Nonetheless, with Chicks Ahoy! bench manager Flyin’ Bryan Killman and Raunchy Hextall running the bench, it was a much more focused D-VAS team that took to the track on this night, with clearer strategies and much tighter pack work in play. But the difference in experience was evident in the later stages of the bout. Very quietly, Fox Smoulder continues to develop into a serious pack presence in Tri-City and it was only in the later stages of the game when things got looser and packs were stretched that her excellent pack work became more obvious, directing formations and frustrating D-VAS one-on-one. With penalties adding up  Laya Beaton took off the star and headed into the pack where she did some of her best work of the night, setting the tone early in the half with a sold jammer take out on Booty Two Shoes (though Laya would end up ejected late in the game). But Tiny Dancer, especially, led the jammer dominance for the TKOs on this night, often forcing calls when she didn’t get lead, and using a well-played power jam with ten minutes left in the bout to rack up 20 points and put the game away. The D-VAS stayed with it to the end and crossed the 40 point threshold on the final jam of the night when solid blocking from Mean Streak allowed Bombshell through the pack to put up the final points of the game and guaranteed that this would not be a triple-digit loss.

Game 2: Les Contrabanditas (MTLRD) 80 vs. Vicious Dishes 113

Montreal champs, Les Contrabinditas sent a roster that included replacement skaters from La Racaille and Hammer City.

The lineup of Les Contrabanditas was barely recognizable from the one that won its first Montreal championship this past season, but with borrowed skaters from leaguemates La Racaille and a few last-minute imports from Hammer City, they were able to track a competitive roster that gave the talented Vicious Dishes a solid, competitive bout to end an impressive season that saw them play top eastern hometeams (their only full-bout loss came to Rideau Valley’s Slaughter Daughters), and have an impressive run at the Beast of the East. This victory actually gave them some measure of revenge over their Montreal opponents, who’d scored a victory over them at the aforementioned annual tournament.

Dishes jammer Motorhead Molly breaks through a Ditas wall.

It took a while for the slap-dash Ditas to get things going and the Dishes certainly took advantage of their early organization problems. With Sexpos/La Racaille jammer Greta Bobo in the box, Team Canada’s Motorhead Molly tore up the track on the power jam to help the Dishes roar out of the gates, up 28-0 very quickly. With usual pivot Jill Standing off skates, solid blocker Stacie Jones took up extra shifts with the stripe and helped orchestrate the patented pack work of the Dishes. Actually, solid pack work from both sides was the story in the early going, as halfway through the opening period the score was a defensively sound 36-3. sin-e-star was a force once again dominating in the pack whether positionally or physically, while pivot/blocker Bareleigh Legal keeps making a case for herself as one of eastern Canada’s top one-on-one blockers. But it was a well-paced and consistent offense led by Motorhead Molly, Skate Pastor and Lippy Wrongstockings that was able to counteract a Ditas offense led by outstanding first-year skater Greta Bobo and Ti-Loup (fresh from an impressive performance for the New Skids on the Block at WFTDA’s Eastern Regional Championships last weekend). But with Hustle Rose, Mange-Moi El Cul and Beats Per Minute not dressed, the Montreal champs did not have the depth to compete offensively and found themselves staring up at an 85-14 disadvantage at the half.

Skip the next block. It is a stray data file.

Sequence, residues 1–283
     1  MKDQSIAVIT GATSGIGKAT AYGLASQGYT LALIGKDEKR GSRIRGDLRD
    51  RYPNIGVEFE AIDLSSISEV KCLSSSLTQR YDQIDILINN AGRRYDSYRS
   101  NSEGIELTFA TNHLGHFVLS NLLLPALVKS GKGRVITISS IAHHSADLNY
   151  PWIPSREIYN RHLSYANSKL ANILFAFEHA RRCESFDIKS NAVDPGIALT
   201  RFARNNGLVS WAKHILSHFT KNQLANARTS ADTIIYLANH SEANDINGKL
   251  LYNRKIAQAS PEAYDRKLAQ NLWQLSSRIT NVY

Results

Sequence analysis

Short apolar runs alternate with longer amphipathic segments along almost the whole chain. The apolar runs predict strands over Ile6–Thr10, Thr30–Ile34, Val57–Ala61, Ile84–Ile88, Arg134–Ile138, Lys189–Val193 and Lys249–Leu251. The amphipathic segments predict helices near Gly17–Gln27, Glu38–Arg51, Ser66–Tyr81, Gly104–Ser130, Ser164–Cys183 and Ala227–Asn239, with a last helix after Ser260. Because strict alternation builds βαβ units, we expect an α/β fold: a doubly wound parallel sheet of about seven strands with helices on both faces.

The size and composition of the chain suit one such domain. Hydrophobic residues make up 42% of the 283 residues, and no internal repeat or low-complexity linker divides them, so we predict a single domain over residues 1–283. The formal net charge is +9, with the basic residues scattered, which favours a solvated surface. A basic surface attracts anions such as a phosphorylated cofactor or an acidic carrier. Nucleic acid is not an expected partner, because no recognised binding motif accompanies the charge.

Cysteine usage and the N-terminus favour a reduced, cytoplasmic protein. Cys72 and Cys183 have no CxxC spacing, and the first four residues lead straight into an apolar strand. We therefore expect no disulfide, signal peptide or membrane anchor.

Led by jammer Ti-Loup, the Ditas started to push back in the second half.

But Montreal skaters and teams are known for their resiliency and ability to bounce back , so it was never worth counting them out. There was a noticeable difference when all-Ditas lineups were out, and late in the bout the Dame of Doom – Bikini Skills – Ninja Simone trio proved up to any challenge that the Dishes threw their way. And when the Ditas started to come together late, they began to push back in a big way. Sofanda Beatin and Meg N’ Plead also donned the stripe to lead the packs for the Dishes who had to weather a storm that brewed slowly. With the score 91-41, two Dishes’ blockers in the box and the Ditas pressing, captain sin-e-star jammed in a pivotal defensive, time-wasting jam that sprung the penalized skaters and kept the Ditas at bay at an important moment in the bout. Suzy Slam had a smart game too, and the subtle forward-hip strikes from Anita Martini kept frustrating the Ditas blockers. The visitors from Montreal did end hard though, and narrowed the score considerably in the last five minutes, but when Ti-Loup lined up against Dishes’ popular blocker Stacie Jones (giving the assistant captain the opportunity to close out the game for her team), the outcome was sealed, and while the Montreal team made a big pick up to close out the game (and win the second half 66-33), it was another impressive home track victory for the Vicious Dishes to close out another impressive season.